to reduce the cost and enhance the reliability. Dedicated ASICs for the control of IPQCs are finding wide spread use in the new applications. The new approaches in multilevel converters are offering high efficiency, reduced stress on devices, and reduced high-frequency noise. The further improvement in solid-state device technology in terms of low conduction losses, higher permissible switching frequency, ease in gating process, and new devices especially with low voltage drop and reduced switching losses will give a real boost for IPQCs in low-voltage dc power applications required for high-frequency products. The multiple device integration into a single power module as a cell for direct use as a configuration of IPQCs will result in size reduction, increased efficiency, and a low-cost option. The sensors, control, gating, and protection integration in the IPM will provide a new direction in the development of IPQCs. Dedicated processors and ASICs development for IPQCs are also expected in the near future to reduce their cost, ease in control, and compact and efficient acdc conversion. Soft-switching technology is also to be a big hope to relieve thermal design, size reduction, and improving the efficiency of acdc converters. The invention of new configurations and conversion stage reduction in IPQCs will explore a number of newer applications.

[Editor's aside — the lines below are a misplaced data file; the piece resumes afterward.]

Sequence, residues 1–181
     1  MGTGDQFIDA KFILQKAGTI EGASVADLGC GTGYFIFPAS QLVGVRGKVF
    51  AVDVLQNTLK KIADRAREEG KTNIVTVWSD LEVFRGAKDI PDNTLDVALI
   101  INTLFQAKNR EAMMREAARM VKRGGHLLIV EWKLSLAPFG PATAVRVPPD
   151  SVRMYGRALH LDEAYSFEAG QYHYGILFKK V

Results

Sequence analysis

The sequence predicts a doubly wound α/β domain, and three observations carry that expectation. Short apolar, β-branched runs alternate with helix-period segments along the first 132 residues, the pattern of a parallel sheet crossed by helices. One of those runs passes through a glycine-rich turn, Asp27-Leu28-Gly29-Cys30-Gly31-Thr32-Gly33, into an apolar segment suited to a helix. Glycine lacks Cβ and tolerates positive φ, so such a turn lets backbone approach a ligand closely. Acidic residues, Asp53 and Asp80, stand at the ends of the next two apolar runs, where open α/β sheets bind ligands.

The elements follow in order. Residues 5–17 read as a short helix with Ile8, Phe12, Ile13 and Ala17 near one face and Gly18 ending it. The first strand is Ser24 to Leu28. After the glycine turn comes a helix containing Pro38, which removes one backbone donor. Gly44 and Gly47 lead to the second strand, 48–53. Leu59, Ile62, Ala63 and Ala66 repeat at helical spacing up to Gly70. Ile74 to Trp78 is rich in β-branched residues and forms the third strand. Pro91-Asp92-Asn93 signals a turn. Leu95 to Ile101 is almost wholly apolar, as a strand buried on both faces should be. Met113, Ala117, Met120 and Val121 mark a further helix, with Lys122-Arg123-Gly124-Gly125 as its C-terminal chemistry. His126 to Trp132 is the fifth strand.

CONCLUSION : An exhaustive review of IPQCs has been presented to explore a wide perspective of various configurations of IPQCs to researchers, designers, application engineers, and end users of acdc converters. A broad classification of IPQCs into eight categories with further sub-classification of various circuits is expected to provide easy selection of an appropriate converter for a particular application. These IPQCs can be considered to be a better alternative for power quality improvement because of reduced size of overall converter, higher efficiency, lower cost, and enhanced reliability compared to other means of power quality improvement. These converters provide improved power quality not only at the input ac mains but also at dc output for the better overall design of equipment. These converters have given the feature of universal input to the number of products which can have input power either from ac mains of a varying voltage of 90 to 300 V with a varying frequency from 40 to 70 Hz or dc input.